Idlib clashes stir debate over de-escalation deal

Syrian Civil Defense men remove debris from buildings, which were damaged by airstrikes in the opposition-held town of Orum Al-Kubra, Aleppo, on Saturday. (AFP)
Updated 05 January 2019

Idlib clashes stir debate over de-escalation deal

  • Skirmishes between rival groups raise worries about the sustainability of the agreement

ANKARA: Escalating clashes between Hayat Tahrir al-Sham (HTS) and Ankara-backed National Front for Liberation (NFL) in Syria’s northwestern Idlib province have raised concerns about a deal to set up de-escalation zones in the region.  

The deal was brokered between Turkey, Russia and Iran in September 2017.

The Al-Qaeda linked HTS, trying to control key roads in the province, has increased its activity in southern Idlib and the city of Hama and captured some villages from Turkish-backed militant groups. 

The clashes led to the death of more than a 100 civilians and fighters, the UK-based Syrian Observatory for Human Rights reported.

A separate deal, signed last September in the Black Sea resort of Sochi, said the areas where the clashes took place were due to be cleared of heavy weaponry. The deal also required Russia to ensure the status quo in Idlib and avoid military attacks in the region.

But this deal is not yet fully implemented as Russia launched an airstrike in southern Idlib, resulting in significant damage.

In a joint declaration published Friday, local councils in Syria called for the establishment of a humanitarian corridor as a precaution in case the clashes spread to urban areas. The province is home to about 3 million people.

Turkey has 12 observation posts in the region and has raised the alert level as some of the posts, manned by Turkish troops, are close to areas where there has been fighting. 

HTS, which dominates more than half the region, remains the most powerful rebel alliance in Idlib and is considered a terrorist group by Ankara.

Sinan Hatahet, an Istanbul-based expert on Syria, said clashes were expected because HTS has been trying to consolidate its power over Idlib.

“This is a major point of disagreement between Russia, Iran on the one hand, and Turkey on the other. Moscow and Tehran want Turkey to be more assertive to counter HTS in Idlib, but Turkey is not willing to spend any finances and resources for such a fight that is very complicated,” he told Arab News.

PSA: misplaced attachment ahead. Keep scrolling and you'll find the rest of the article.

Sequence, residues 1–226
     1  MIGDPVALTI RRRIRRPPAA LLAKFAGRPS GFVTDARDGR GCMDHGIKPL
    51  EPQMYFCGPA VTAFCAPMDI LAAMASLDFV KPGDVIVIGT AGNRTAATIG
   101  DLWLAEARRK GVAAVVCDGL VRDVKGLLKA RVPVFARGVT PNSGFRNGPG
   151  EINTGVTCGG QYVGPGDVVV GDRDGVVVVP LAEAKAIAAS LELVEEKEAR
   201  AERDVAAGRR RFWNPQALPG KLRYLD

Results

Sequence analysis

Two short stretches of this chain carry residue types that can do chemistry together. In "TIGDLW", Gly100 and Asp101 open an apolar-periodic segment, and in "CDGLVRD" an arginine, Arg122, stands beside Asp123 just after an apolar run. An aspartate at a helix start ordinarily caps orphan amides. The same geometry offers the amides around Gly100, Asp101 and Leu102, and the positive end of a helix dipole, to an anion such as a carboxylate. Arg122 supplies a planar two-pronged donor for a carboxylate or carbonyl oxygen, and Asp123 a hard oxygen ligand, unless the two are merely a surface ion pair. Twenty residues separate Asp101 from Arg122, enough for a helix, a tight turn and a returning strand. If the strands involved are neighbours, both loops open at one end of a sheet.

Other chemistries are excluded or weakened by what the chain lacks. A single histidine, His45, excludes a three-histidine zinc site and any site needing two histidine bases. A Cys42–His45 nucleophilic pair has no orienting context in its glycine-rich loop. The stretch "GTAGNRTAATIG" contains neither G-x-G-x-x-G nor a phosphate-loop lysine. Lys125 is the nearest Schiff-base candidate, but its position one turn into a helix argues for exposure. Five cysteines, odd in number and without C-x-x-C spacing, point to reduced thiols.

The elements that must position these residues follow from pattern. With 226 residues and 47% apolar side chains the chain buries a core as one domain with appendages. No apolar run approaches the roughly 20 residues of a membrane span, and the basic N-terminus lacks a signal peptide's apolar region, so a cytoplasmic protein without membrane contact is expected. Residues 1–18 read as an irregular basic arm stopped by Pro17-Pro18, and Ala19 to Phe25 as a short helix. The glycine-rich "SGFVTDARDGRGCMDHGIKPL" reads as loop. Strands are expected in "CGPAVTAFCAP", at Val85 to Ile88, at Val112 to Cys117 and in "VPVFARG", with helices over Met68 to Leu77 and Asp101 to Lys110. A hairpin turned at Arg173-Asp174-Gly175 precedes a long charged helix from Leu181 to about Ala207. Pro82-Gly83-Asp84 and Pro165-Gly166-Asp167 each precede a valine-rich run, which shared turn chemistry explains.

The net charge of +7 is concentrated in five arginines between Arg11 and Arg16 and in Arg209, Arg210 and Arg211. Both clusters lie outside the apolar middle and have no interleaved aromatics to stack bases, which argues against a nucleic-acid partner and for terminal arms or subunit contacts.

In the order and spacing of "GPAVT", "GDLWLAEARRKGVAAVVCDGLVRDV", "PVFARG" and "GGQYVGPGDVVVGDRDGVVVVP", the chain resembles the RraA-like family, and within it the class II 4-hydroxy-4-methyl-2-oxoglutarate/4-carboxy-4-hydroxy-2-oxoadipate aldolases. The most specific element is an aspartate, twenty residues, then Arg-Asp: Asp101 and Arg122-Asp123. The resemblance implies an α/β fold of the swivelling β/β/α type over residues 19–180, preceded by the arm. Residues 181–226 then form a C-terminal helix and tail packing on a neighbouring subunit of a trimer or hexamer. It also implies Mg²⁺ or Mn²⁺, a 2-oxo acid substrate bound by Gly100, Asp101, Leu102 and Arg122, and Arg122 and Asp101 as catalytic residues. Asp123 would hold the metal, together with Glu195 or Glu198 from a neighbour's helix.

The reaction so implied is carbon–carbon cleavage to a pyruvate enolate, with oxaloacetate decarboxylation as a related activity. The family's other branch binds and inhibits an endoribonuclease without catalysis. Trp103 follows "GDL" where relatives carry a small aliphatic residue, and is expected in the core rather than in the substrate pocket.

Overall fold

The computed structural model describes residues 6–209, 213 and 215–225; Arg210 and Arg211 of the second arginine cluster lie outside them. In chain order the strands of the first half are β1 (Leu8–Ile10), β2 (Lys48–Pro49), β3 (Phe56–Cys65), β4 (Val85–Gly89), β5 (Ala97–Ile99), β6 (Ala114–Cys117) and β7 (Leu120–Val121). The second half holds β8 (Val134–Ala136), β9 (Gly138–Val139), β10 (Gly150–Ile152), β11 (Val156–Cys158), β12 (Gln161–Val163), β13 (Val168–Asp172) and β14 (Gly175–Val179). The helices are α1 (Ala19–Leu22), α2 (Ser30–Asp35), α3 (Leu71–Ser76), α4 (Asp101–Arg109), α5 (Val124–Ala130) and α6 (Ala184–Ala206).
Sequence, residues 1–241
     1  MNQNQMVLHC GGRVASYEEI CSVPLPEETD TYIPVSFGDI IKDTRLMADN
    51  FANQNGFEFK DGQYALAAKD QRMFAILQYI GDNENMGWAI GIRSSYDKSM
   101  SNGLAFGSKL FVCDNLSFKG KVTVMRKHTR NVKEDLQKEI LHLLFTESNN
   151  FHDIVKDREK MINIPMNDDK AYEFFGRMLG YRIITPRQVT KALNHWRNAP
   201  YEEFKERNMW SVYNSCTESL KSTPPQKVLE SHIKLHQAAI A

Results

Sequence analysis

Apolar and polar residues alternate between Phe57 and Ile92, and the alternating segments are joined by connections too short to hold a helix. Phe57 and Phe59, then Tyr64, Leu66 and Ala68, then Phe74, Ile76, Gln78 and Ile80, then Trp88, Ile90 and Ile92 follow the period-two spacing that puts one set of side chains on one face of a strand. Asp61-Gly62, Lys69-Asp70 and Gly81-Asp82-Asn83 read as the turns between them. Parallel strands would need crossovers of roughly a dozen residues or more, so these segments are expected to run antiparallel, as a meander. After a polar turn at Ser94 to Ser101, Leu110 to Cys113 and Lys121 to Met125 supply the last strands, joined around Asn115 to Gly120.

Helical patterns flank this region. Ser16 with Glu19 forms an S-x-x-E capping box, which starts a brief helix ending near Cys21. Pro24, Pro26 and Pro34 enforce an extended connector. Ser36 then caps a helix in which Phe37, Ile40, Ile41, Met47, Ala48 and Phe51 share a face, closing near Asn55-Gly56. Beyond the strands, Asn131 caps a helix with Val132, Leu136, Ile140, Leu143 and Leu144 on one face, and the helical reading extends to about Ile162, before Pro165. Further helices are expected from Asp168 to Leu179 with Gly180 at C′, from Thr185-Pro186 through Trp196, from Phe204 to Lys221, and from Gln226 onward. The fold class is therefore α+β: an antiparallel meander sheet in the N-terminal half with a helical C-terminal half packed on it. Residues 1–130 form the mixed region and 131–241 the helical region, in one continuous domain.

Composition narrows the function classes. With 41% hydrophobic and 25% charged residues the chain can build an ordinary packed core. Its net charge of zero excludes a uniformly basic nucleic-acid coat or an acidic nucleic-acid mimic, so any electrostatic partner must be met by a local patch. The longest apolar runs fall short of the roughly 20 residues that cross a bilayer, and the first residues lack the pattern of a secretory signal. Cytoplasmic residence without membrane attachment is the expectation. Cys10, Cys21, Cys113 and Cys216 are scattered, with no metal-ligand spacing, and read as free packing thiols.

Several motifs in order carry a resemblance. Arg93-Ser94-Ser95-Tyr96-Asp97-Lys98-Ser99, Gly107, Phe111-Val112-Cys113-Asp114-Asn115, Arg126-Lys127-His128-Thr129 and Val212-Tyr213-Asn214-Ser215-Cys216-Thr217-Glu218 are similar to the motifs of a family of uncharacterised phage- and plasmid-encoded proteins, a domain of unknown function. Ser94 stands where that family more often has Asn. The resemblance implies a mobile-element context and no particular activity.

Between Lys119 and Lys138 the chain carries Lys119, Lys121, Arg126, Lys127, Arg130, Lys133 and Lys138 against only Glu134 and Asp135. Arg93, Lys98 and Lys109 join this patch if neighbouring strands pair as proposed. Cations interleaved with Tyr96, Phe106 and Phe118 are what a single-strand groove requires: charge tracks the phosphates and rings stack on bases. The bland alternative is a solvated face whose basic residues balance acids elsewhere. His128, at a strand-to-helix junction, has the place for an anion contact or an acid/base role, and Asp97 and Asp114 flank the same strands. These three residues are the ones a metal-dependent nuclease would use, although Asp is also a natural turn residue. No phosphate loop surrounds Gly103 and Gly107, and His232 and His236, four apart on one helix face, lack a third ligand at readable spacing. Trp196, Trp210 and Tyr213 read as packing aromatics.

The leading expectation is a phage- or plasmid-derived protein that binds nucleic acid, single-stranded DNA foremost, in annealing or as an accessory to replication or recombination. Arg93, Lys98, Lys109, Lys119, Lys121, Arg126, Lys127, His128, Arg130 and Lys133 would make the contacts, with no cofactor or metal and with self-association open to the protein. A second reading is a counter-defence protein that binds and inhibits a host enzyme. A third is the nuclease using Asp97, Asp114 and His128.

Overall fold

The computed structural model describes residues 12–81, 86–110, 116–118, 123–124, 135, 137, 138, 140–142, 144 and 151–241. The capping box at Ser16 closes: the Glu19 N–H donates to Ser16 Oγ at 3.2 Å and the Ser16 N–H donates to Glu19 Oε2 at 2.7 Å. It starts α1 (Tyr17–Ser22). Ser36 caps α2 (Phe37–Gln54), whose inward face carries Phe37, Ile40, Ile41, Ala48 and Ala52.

Ankara had it made it clear that its strategic interest lay in northern Aleppo and some areas in northern Idlib, he added, but that the de-escalation deal was not currently under threat.

“The Syrian regime might exploit the chaos to attack certain areas to grab land around the demilitarized zone. But the de-escalation zone will remain even if the regime attacks, because the agreement is between Turkey and Russia and Turkey hasn’t really intervened.

“It is an infighting spiral that will always keep on going unless Turkey gets guarantees that it stays definitely in Idlib. But even then Turkey's engagement in Idlib is only to prevent major refugee spillover,” he added.

Dr. Kerim Has, a Russia analyst, said Moscow was sticking to its position of eliminating armed groups in the region with the help of the Turkish army and its proxies.

“I think it’s not the end of the de-escalation agreement yet. But it demonstrates on what the last Turkish-Russian negotiations with high level officials were principally locked in Moscow, and what Russia prioritizes in Syria for now, namely the Idlib dossier, on the background of US withdrawal from Syria,” he told Arab News.